Magazine article New African

Is There an Overarching African Aesthetic? an Ambitious Exhibition and Book, Both Appropriately Titled the Global Africa Project, Explore the Vast, Rich Spectrum of Contemporary Art, Design, Architecture and Crafts by People of African Ancestry around the World. Juliet Highet Has Been out to See It

Magazine article New African

Is There an Overarching African Aesthetic? an Ambitious Exhibition and Book, Both Appropriately Titled the Global Africa Project, Explore the Vast, Rich Spectrum of Contemporary Art, Design, Architecture and Crafts by People of African Ancestry around the World. Juliet Highet Has Been out to See It

Article excerpt

The Global Africa Project features the work of over 60 creators, many in Africa, but also in the United States, Caribbean, Europe and Asia. Working in a wide array of media, including fashion, non-traditional crafts and photography, their work challenges conventional assumptions of a single African aesthetic or style. They dynamically blur the distinction between art and craft, "professional" and "artisan".

Such art also challenges the "impoverished basket-case" stereotype held about the African continent. As Mesana Chitaka, manager of the design unit in South Africa's Department of Arts & Culture, says: "African designers offer the world uniqueness in terms of products ... creativity is still one of our greatest assets that we can use to gain competitive advantage ... (It is) one of the most misunderstood sectors of the economy."

Artists such as Yinka Shonibare (MBE) and architects like David Adjaye, working in the diaspora, are famous and successful. Less well-known are the African

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The Gahaya Links Weaving Association is a collaborative of Hutu and Tutsi women in Rwanda, now numbering over 4,000 basket-weavers in 40 co-operatives. Many of them are survivors of genocide or refugees from years of civil war. They have helped establish a Path to Peace initiative, whose mission is to assist rural Rwandan women to achieve economic stability, and by instilling self-confidence, contribute to making positive changes in their lives.

One of the many challenges faced by African creators is lack of government support, resulting in poor educational resources for training in design, especially industrial design, technical and enterprise skills. This leads to difficulties in maintaining consistent production standards and lack of commercial savvy; though in Ghana, Jamaica and Barbados, government initiatives do promote crafts as a national expression and a transnational commodity.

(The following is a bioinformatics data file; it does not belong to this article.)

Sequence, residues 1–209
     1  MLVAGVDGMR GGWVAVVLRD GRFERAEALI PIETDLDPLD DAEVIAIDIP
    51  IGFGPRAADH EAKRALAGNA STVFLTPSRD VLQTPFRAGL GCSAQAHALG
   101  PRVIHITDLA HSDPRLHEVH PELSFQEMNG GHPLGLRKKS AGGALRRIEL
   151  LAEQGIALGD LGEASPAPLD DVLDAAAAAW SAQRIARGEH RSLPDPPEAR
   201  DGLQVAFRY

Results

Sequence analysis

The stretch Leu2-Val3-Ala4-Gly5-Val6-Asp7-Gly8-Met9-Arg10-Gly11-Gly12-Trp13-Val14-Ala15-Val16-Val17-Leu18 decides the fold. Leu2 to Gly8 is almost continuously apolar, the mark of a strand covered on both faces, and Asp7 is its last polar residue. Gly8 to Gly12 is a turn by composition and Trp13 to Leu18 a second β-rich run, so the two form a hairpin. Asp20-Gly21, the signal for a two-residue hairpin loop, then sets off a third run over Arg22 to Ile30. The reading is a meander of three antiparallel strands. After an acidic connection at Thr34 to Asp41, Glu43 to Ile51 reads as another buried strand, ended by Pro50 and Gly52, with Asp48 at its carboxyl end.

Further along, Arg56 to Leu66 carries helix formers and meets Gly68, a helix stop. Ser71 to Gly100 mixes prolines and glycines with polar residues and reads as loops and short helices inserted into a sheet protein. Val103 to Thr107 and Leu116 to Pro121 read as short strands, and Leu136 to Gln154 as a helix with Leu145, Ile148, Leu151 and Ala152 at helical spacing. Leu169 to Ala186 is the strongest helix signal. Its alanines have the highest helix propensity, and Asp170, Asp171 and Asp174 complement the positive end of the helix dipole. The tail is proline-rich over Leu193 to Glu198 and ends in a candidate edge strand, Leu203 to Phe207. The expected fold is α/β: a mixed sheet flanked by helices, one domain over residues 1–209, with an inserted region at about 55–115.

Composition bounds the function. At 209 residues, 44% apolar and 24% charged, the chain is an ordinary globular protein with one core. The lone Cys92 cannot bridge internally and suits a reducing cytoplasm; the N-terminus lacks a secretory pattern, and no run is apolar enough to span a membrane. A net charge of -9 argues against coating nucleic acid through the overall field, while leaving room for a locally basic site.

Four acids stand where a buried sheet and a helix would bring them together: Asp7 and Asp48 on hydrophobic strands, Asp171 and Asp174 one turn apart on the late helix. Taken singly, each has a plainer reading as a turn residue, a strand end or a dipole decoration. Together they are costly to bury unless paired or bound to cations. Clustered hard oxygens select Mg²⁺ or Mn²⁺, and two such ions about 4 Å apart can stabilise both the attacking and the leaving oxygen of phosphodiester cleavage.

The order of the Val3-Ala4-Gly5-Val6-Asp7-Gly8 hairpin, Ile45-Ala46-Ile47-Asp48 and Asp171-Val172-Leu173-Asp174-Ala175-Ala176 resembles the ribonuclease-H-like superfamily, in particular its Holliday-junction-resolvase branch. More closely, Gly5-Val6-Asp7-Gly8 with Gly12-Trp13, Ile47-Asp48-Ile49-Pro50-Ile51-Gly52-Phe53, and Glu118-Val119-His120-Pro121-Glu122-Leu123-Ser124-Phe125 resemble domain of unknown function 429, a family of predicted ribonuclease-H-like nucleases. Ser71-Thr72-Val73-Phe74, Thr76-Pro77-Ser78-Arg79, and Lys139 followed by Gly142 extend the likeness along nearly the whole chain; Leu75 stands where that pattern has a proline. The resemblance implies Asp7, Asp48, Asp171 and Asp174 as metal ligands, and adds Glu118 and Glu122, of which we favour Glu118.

In Africa, a number of NGOs including AIDS for Artisans, have provided economic resources and export opportunities to creative groups for decades. As a result, women are excelling in craftwork, acting as an inspiring catalyst for social change, both for their communities and personally.

In Nairobi, Jane Ngoiri has propelled herself out of the Mathana Valley slum by transforming second-hand clothing into wedding and other festive garments. Under the brand name Bamboo Magic, Lek-uama Ketuafor of Cameroon leaps into the 21st century, creating bamboo and mosaic patterned laptop cases and mobile phone covers. Artists across the global African diaspora address potent political, economic and social issues. In his series Black Gold, London-based Yinka Shonibare, of Nigerian descent, alludes to positive and detrimental results of exploiting African resources such as oil. He comments: "'Ihis depiction reveals the conflicts, war and tragedy that are a direct result of our consumption and desire for this natural resource."

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In his films, masks and installations, Romuald Hazoume, form the Republic of Benin, exposes the issue of pollution by petroleum companies in the Niger Delta; and the precarious lives of motorcyclists who convey petrol from Nigeria to Benin in clusters of plastic cans. These cans have been expanded over flame so that they contain as much petrol as possible, frequently exploding with fatal consequences for the cyclists.

Hazoume created a huge installation for the British Museum, a shocking and profoundly moving symbolic representation of a slave ship called Brookes. The African-American artist, Hank Willis Thomas, also refers to Brookes in his contribution to an Absolut vodka campaign. He wades into the commoditisation of the black body in sports, with his glorious black male torso branded with the Nike "swoosh". He says: "By employing the language of popular culture and advertising in my work, I talk explicitly about race, class and history in a way that is accessible and easy to decode . …

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